So this has perhaps coloured my viewpoint on children. Interestingly, I never gave much thought to having them myself until I met my husband. When it took us years to conceive, I suddenly became more desperate and tried to understand God's plan for us. I didn't desire a larger family; I just wanted a baby.

When a daughter arrived, I was delighted. But it was a steep learning curve. Life was now impossible to plan. Thankfully the gifts of patience, flexibility, humility and spontaneity were bestowed upon me. I learned to put my perfectionism and control issues aside.

And despite the difficulties, we desired to gift our firstborn with a sibling. Luckily this was part of God's plan, too. Daughter1 was just past 18 months when Daughter2 was born. Having them this bunched together was extremely hard work. But, I never doubted the joys. Yet, I never expected to have another.

Whether or not people condone the way we have undertaken family planning, I truly believe our children have been born according to God's plan. Daughter3 arrived last August, four years after her nearest sister. She is a treasure and our family is enriched - and exhausted - beyond bounds. We aren't categorically ruling out having more, even though our current work and domestic situation would logically exclude it.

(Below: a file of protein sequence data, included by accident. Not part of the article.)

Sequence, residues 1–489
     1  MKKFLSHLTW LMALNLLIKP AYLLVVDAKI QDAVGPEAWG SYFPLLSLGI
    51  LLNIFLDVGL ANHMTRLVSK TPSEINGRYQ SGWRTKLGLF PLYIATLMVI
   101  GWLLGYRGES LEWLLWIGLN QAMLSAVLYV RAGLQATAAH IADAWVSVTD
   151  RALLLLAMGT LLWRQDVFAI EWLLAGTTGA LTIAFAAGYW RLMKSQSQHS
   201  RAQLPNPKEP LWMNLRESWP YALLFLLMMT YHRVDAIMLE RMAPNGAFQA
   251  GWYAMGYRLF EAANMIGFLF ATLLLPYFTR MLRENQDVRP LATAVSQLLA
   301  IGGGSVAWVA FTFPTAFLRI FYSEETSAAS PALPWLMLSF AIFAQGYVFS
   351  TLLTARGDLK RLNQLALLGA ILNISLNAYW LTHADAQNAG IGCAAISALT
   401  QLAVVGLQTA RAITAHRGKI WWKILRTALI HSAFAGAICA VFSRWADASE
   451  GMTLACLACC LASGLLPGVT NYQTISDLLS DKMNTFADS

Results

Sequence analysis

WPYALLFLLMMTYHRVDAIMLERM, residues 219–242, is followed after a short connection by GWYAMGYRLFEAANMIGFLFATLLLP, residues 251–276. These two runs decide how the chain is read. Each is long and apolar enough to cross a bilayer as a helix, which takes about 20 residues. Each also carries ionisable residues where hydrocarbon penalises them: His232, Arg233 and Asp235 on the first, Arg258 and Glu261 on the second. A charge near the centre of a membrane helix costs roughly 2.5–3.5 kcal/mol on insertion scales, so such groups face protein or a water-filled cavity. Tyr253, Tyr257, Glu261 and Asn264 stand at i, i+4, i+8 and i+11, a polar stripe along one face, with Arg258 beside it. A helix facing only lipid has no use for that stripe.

I don't move in Catholic circles in real life, but I spend a lot of time with fellow Christian women, and several of my friends also have larger families - by which I mean at least three children. But what I am beginning to encounter from people who do not know me or my faith - together with a surprise that I have three children, or surprise that I was open to getting pregnant again in the first place, rather than having a 'happy accident' - is utter shock that I would consider still more children; that I see God's hand in the form my family has taken. And if we go on to discuss the subject, coupled with this is their shock that I consider every child a blessing, rather than sheer hard work and something to deal with, rather than someone to love.